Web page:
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Princeton Weekly Bulletin   April 23, 2007, Vol. 96, No. 24   prev   next   current

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  • Editor: Ruth Stevens

    Calendar editor: Shani Hilton

    Staff writers: Jennifer Greenstein Altmann, Eric Quiñones

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    Web edition: Mahlon Lovett

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Nassau notes

Deford to look at hype in sports

Prolific journalist, author and commentator Frank Deford will present a lecture on “Sports: The Hype and the Hoopla” at 7:30 p.m. Tuesday, April 24, in Richardson Auditorium, Alexander Hall.

Deford, a member of Princeton’s class of 1961, is one of the country’s best known sports journalists. He currently is a commentator on National Public Radio’s “Morning Edition,” a correspondent for HBO’s “Real Sports With Bryant Gumbel” and a senior contributing writer at Sports Illustrated. He has written 15 books, including “The Entitled,” a novel about celebrity, sex and baseball that will be published in May. 

Deford has been elected to the Hall of Fame of the National Association of Sportscasters and Sportswriters and voted six times by his peers as U.S. Sportswriter of the Year. The American Journalism Review has cited him as the nation’s finest sportswriter, and twice he was voted Magazine Writer of the Year by the Washington Journalism Review. He has received numerous other honors, including Emmy and Peabody awards for his broadcasting work.

The talk is part of the Jake McCandless Speaker Series sponsored by the Princeton Varsity Club.


The Shen Wei Dance Arts troupe at McCarter

The Shen Wei Dance Arts troupe will present its unique blend of dance, visual arts, music and lighting in “Connect Transfer” at 8 p.m. Tuesday, April 24, at the McCarter Theatre Center.

Chinese choreographer Shen Wei has created a performance that explores the relationship of movement, sound and light, set to music by Kevin Volans, Iannis Xenakis and Gyorgy Ligeti.

For ticket information, contact the McCarter box office at 258-2787 or visit (photo: Courtesy of the McCarter Theatre Center)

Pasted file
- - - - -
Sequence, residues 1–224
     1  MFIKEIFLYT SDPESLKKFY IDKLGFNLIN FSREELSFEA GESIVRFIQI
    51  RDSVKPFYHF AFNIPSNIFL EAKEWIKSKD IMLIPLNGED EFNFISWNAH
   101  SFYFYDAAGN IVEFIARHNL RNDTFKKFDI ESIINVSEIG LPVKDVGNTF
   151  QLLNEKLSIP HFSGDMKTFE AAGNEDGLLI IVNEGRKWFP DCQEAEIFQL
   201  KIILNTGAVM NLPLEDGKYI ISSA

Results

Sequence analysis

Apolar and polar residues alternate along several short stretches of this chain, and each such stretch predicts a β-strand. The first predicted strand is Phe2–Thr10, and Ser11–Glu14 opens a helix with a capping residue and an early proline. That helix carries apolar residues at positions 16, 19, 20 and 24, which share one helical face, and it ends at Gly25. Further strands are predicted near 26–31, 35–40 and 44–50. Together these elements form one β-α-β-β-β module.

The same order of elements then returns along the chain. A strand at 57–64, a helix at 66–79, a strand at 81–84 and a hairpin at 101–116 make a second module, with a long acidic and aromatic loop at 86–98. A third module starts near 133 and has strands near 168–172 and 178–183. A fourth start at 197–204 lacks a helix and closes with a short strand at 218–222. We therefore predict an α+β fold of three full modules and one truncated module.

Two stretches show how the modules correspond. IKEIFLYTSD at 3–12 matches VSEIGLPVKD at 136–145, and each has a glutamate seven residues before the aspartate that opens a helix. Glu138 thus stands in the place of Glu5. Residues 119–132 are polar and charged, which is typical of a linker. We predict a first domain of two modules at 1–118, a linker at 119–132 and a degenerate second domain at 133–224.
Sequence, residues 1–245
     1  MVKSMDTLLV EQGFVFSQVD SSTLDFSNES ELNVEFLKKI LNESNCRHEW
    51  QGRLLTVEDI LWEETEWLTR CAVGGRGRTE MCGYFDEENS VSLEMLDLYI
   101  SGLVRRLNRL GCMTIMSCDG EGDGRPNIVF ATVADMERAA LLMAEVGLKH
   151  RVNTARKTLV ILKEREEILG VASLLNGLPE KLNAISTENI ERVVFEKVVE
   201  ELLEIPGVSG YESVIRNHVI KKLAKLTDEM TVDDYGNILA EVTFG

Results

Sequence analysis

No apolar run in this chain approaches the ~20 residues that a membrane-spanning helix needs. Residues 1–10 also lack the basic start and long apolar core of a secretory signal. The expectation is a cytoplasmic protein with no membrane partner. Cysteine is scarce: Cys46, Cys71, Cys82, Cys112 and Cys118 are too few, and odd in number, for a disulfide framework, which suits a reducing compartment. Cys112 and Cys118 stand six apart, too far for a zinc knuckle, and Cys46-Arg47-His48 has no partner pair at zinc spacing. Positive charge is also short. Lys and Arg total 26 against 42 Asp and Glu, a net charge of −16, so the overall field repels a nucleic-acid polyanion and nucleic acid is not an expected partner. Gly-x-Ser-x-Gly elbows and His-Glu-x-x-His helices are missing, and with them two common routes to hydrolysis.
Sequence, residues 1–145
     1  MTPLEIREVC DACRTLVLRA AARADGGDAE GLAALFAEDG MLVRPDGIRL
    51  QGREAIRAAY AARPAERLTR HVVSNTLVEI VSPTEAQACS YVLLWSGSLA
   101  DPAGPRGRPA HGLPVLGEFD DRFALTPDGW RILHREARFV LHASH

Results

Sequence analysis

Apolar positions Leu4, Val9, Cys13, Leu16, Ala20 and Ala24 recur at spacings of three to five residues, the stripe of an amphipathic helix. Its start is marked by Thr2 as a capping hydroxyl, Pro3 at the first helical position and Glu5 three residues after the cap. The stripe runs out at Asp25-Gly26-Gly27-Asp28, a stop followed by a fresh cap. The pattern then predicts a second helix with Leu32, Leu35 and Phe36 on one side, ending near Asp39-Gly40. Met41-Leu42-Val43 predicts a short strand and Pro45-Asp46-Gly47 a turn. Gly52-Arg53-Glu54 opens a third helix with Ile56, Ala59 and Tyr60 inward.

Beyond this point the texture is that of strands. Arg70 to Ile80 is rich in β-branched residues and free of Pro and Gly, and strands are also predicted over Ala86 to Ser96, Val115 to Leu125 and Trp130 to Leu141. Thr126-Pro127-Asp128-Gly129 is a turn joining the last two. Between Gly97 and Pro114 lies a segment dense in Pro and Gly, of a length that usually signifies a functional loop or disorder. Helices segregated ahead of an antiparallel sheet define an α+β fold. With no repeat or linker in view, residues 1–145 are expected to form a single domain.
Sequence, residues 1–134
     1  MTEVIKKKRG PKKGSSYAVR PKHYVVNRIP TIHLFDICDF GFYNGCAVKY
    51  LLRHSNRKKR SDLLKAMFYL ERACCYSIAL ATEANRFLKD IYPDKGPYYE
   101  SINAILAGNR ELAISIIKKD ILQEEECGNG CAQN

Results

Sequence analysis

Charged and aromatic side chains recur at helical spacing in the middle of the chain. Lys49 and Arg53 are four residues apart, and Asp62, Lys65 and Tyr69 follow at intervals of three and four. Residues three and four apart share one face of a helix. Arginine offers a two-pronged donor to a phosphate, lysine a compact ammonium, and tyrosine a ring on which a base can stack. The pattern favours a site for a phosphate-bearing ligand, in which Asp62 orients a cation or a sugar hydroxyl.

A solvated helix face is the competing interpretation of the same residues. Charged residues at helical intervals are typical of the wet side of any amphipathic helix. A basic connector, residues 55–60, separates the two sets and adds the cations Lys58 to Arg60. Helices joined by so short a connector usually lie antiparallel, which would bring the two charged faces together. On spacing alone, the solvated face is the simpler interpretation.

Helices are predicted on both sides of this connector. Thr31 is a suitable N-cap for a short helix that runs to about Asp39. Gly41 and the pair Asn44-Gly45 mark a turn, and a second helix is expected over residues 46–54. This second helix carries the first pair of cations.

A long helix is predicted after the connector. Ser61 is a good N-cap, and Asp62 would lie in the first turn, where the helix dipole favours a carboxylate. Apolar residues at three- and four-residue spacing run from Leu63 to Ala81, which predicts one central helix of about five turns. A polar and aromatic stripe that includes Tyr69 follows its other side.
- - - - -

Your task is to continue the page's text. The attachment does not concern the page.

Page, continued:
Gould to give final President’s Lecture

Elizabeth Gould, professor of psychology, will present the final talk in this year’s President’s Lecture Series on Wednesday, April 25.

She will deliver an address titled “Structural Plasticity in the Adult Brain” at 4:30 p.m. in McCosh 10.

Gould is a pioneer in dispelling the conventional view in neuroscience that animals — including primates — acquire no new neurons or nerve cells once they reach adulthood. Her research has shown that the brain continues to create neurons throughout life, a process called adult neurogenesis. Her recent work has focused on showing how parenting experience alters brain structure in the hippocampus and neocortex, regions important for cognition.

The lecture series was initiated by President Tilghman in 2001 to bring together faculty members from different disciplines. 

Pulitzer winner discusses Al-Qaeda

Lawrence Wright, a staff writer for The New Yorker and author of “The Looming Tower: Al-Qaeda and the Road to 9/11,” will present a lecture at 4:30 p.m. Wednesday, April 25, in Dodds Auditorium, Robertson Hall. He will speak on “Al-Qaeda: Past, Present and Future.”

Wright’s book on Al-Qaeda, published in 2006, recently won the Pulitzer Prize for general nonfiction. It also won the Lionel Gelber Award for nonfiction and the J. Anthony Lukas Book Prize. A staff writer at The New Yorker since 1992, he has won the National Magazine Award for Reporting as well as the John Bartlow Martin Award for Public Interest Magazine Journalism.

The talk is sponsored by the Woodrow Wilson School of Public and International Affairs, Program and Department of Near Eastern Studies, Princeton Institute for International and Regional Studies and Council of the Humanities.

Reading examines Katrina aftermath

Author Randall Kenan, whose works focus on sexuality, class, race, religion and the American South, will read from new essays inspired by the aftermath of Hurricane Katrina at 5 p.m. Wednesday, April 25, in the Chancellor Green Rotunda.

Kenan will read from “The Fire This Time,” a book of essays that will be published in May. In the wake of Katrina, Kenan invokes James Baldwin’s book of the civil rights movement, “The Fire Next Time,” to ask how much progress has been made toward overcoming what Baldwin called America’s “racial nightmare.”

Kenan’s other works include the novel “A Visitation of Spirits,” the story collection “Let the Dead Bury Their Dead” and the documentary book “Walking on Water: Black American Lives at the Turn of the 21st Century.” He is an associate professor of English at the University of North Carolina-Chapel Hill and a frequent essayist on issues such as class, religion, being a gay African American and the failing perception that America has conquered racism.

The reading is sponsored by the Department of English, Center for African American Studies, University Center for Human Values, Program in Creative Writing and Council of the Humanities.